2. With only superficial knowledge of things Naval, I still wonder why we put so much money into a few ships (Zumwalt, Ford) when quantity has a quality all it's own.

    Army? Bloated O-6 and above billets, too many E-9s, too much staff, too few grunts.

    Air Force? Pisses away money ike a drunken politican.

    Marines? Closer to getting it right than the other branches.

    Foreign relations? Agree Trump will be a pragmatist. Other countries will look at how he has run his businesses, initially.

  3. Assembling iPhones is a tedious, repetitive and monotonous job, well suited for a low-skilled or semi-skilled workforce – such as is abundantly available in China.

    Detroit would be an ideal workforce for this kind of tedious, thankless crap labor, which used to pay pretty darn good back in the days before the 'new world order' folks decided to forego these jobs in exchange for increased trade: make them overseas, and buy them cheaper than they were made here.

    The trade-off, of course and obviously, is that the people whose jobs are shipped overseas, suffer immeasurably and their communities and cultures are destroyed – like happened to Detroit.

    Bringing back these God awful jobs, of which I would never even think of accepting, would be a God-send to Detroit. They had the highest income per household in the world back in the heyday of Hank Ford's domination of the auto industry.

    And this was primarily due to the influence of Fredrick Winslow Taylor 75 years earlier and his 'scientific management' theories as they applied to manufacturing. Dumb down every part of the manufacturing process, analyze every movement of every worker to see if there are ways they can speed things up, eliminate bottle necks, reduce training time, reduce the skill needed for the task. All the stuff that modern day feel-good new world order types disdain. But the Taylorism of the day had Detroit the envy of the world. Sure, when these assembly line workers got home, they drank like fish, but who wouldn't? At least they could afford their whiskey, and pay their rent, all without government assistance.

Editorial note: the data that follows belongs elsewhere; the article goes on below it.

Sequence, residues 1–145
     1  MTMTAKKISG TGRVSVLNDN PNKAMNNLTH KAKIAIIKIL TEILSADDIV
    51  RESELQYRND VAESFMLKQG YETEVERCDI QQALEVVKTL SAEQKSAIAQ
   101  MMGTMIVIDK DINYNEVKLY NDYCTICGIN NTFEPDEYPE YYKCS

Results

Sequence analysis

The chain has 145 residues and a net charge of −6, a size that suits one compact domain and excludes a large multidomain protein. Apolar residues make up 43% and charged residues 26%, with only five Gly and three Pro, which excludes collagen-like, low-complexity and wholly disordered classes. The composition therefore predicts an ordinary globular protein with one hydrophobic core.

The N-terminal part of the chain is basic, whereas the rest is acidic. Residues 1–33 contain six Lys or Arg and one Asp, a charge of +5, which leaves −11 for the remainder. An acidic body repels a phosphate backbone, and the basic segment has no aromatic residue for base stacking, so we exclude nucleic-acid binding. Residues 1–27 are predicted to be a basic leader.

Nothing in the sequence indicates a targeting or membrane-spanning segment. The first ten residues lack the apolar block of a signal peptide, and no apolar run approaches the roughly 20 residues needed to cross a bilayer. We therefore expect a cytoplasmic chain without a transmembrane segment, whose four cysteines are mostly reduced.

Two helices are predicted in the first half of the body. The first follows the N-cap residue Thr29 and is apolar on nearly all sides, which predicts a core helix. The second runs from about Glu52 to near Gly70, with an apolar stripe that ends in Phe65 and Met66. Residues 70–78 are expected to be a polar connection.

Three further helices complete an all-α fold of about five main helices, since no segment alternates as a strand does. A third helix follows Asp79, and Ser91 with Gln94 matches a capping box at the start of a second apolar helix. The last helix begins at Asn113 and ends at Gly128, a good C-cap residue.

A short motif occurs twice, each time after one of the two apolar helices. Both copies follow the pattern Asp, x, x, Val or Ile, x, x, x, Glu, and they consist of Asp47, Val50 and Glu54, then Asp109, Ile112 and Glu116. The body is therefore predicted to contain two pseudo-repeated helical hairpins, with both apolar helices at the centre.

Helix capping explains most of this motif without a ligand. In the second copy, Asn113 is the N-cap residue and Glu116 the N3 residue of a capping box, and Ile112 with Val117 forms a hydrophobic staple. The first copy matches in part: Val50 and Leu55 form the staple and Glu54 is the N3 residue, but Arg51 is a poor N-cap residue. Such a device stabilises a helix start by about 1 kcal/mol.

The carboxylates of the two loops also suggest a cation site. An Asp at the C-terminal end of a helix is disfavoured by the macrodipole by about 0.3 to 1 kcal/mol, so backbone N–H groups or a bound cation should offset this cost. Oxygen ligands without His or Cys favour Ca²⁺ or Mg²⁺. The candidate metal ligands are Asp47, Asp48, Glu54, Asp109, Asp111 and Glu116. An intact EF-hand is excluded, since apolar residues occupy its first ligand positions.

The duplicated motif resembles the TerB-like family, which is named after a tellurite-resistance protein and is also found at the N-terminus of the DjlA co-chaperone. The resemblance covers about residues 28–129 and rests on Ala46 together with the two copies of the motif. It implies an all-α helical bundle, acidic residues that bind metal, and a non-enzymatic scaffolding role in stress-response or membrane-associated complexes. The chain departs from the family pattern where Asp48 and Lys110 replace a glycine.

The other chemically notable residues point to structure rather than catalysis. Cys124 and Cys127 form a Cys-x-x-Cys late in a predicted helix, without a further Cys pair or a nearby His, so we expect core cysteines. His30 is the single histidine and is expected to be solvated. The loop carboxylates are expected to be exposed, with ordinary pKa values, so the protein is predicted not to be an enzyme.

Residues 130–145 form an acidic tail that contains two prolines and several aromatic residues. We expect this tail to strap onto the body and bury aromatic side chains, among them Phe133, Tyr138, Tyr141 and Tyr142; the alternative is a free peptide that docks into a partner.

Detroit would be the perfect place to bring back those horrible yet high paying jobs.

  4. LL
    I realize it is a long winded article, but of some value none the less. My thoughts, are along the same lines as your well done summation. Thank you.

  5. The Zumwalt Class is troubled. We should have bought Arleigh Burke Flight 3 (or Flight 4) destroyers instead. One of those could have been a test platform for Zumwalt technology if it needed to happen.

  6. Actually Detroit has been slowly increasing in manufacturing again. Shinola watches and bicycles are made there. I hope Trump does send more jabs/plants there, it will increase the tax base and decrease how much the rest of MI gets hit paying for Detroit's past nonsense.

  7. Might help to have CCC type jobs in cities like Detroit to tear down abandoned buildings- or turn them into housing units, if possible. Take the people on unemployment. Anyone should be able to sweep or demolish a building with a little instruction.

    Appreciate the post, LL. God bless.

  8. My only real experience came with dealing with the Russian mafia there – successfully, I might add. I found the whole place depressing beyond words.

  9. There is a lot of the place that has been torn down. As you drive down formerly residential streets, there is only dead weeds and some foundations. They did that to mitigate fire.